I was thinking about installing Visual Studio 2013 Express… if nothing else to compile my program from my last post.
Well, 5.3Gb was not so bad, but I do not really want Visual Studio on my C drive, since:
- C is an expensive SSD drive, that I want to avoid filling up
- I am not going to use Visual Studio a lot, and it is fine for me if it is a little slower – can live on my Q-drive (an old IDE drive)
- I am just going to use the command line tools that come with Visual Studio anyway, so I really don’t need to waste my SSD C-drive with 5.3 GB of dev tools
Perhaps my arguments are just stupid, but they make sense to me.
This is the funny dialog I got when installing…
I mean, seriously??? I can change installation directory, which will move 1GB to the other drive, and keep over 4GB on C. Why did you even bother with an alternative install path, Micro$oft? Why does Windows support more than one hard drive at all?
Obviously there are other people being annoyed with this too. And there are ideas about using symlinks in Windows to solve the problem… but the problem is that a lot of those 4GB may go just everywhere on the C-drive anyway.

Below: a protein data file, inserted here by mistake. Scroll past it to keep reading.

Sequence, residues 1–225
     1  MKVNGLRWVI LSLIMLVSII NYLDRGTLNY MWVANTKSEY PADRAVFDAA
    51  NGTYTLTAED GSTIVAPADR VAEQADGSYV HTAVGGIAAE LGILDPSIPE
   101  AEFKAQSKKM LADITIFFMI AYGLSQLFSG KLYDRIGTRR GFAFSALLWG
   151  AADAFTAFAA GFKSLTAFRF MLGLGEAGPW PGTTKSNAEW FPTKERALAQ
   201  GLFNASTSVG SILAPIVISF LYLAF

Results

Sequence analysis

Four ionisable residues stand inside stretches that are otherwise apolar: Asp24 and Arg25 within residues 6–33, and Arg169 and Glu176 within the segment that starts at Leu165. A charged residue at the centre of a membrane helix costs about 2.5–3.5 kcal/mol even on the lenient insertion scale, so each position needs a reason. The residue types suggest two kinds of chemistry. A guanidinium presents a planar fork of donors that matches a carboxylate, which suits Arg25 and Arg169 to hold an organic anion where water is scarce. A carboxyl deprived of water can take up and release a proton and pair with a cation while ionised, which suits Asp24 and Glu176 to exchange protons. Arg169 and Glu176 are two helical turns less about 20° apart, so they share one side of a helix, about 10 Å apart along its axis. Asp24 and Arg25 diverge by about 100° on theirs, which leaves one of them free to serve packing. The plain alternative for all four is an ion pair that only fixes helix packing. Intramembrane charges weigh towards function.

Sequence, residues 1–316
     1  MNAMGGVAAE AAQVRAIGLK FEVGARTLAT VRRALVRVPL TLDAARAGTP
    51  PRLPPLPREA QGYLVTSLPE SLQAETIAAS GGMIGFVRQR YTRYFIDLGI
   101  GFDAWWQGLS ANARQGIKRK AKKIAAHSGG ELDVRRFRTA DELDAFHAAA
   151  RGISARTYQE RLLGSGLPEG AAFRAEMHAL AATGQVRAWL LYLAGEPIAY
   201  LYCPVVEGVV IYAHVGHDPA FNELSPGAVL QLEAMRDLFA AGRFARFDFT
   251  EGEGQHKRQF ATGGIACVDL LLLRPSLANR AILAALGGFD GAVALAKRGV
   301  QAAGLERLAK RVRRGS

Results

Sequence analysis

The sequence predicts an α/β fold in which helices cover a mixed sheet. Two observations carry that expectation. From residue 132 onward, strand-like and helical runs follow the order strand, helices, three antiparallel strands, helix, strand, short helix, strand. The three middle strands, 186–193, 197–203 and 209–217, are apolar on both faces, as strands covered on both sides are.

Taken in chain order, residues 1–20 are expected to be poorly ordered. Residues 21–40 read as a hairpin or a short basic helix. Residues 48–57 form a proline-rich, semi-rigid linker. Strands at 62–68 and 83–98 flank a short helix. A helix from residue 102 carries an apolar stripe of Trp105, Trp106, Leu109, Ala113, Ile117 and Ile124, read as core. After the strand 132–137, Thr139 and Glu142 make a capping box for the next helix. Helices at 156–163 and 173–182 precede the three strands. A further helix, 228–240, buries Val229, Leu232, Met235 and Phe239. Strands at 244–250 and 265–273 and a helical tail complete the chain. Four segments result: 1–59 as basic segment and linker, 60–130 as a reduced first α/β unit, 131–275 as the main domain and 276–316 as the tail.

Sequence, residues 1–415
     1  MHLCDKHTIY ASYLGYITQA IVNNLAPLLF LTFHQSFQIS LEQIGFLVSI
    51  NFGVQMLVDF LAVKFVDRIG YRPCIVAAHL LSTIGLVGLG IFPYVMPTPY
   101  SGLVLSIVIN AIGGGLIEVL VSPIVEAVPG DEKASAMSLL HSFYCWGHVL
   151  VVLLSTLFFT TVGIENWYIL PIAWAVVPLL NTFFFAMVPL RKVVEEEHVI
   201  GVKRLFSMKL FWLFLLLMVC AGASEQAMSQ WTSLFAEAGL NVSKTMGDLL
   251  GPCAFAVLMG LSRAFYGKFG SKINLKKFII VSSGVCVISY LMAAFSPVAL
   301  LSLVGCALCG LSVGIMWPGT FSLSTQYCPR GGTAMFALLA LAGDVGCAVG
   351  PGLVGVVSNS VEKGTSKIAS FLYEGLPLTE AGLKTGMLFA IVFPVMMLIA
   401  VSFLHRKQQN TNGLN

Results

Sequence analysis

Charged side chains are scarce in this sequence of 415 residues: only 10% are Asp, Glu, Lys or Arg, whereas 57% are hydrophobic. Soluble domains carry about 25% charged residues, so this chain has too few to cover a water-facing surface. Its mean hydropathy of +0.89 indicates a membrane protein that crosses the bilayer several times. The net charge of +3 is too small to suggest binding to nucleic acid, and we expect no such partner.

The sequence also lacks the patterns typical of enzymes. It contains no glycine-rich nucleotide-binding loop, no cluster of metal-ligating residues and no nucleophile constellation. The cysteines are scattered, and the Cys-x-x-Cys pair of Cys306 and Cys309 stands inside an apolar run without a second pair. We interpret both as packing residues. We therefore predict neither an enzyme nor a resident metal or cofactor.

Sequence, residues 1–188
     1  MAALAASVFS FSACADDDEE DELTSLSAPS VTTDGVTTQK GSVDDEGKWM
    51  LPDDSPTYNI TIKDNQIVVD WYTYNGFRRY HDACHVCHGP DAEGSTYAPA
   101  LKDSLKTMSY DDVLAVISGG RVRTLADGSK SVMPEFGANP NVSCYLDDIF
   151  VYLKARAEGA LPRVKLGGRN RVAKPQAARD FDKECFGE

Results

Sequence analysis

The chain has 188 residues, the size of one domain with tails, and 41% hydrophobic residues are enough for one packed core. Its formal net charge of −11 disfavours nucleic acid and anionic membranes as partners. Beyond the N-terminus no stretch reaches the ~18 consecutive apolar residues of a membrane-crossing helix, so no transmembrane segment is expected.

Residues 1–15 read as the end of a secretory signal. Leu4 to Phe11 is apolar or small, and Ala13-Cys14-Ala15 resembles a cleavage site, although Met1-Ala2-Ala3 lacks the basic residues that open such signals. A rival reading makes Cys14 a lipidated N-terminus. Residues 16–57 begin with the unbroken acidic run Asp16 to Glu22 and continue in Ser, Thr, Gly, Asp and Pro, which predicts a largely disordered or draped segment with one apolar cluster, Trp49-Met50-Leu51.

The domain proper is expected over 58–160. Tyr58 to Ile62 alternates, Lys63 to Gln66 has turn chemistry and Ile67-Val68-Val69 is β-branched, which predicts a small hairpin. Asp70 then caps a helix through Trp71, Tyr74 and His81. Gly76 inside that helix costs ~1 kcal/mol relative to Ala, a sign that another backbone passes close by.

The people who design Windows are obviously retarded and Windows is a mess. I am not going to make my Windows gaming computer dirty by installing stupid Visual Studio on it. I remain happy to use Windows as little as possible.
This was annoying with my Nokia N8 that put plenty of stuff on the little C-partition that could not be moved to the big D-partion. But Windows 7 not being better than Symbian – come on?
How it is done right
For those of you who only ever used Windows, I will quickly explain how this is done right. You give the user the option of installing anywhere, in particular
- Standard system path – so everyone can use it (c:\Program files)
- Non standard path – so everyone can use it, but it does not get in the way for those who dont care (q:\extra\devtools)
- The users home directory!
The last option obviously requires no admin rights whatsoever. This is very good, because you know for sure nothing is installed elsewhere.
For development tools, this has several advantages:
- If installing the dev tools does not modify the system in any way, you can be sure that the programs you build behave the same way for your end user as they do for you – and with behave, I typically mean “work”
- You can install several dev tools/versions side by side, and be sure they do not disturb each other or rely on each other
- You can be sure that your system works just as it used to, even after you installed dev tools
Finally, I want to remind that even though dev tools (compilers, linkers, libraries, IDEs) are very advanced stuff… in the end of the day they only produce regular files; sequences of bytes. No privileged access is needed to produce a binary file! There is no magic about it.
It is not only unnecessary that Visual Studio installs itself in C – it is a suspicious behavior. Only bad things and bad practices can come from it.
Finally, clever software providers get this right! And Valve have ambitious Linux plans… just because they are clever.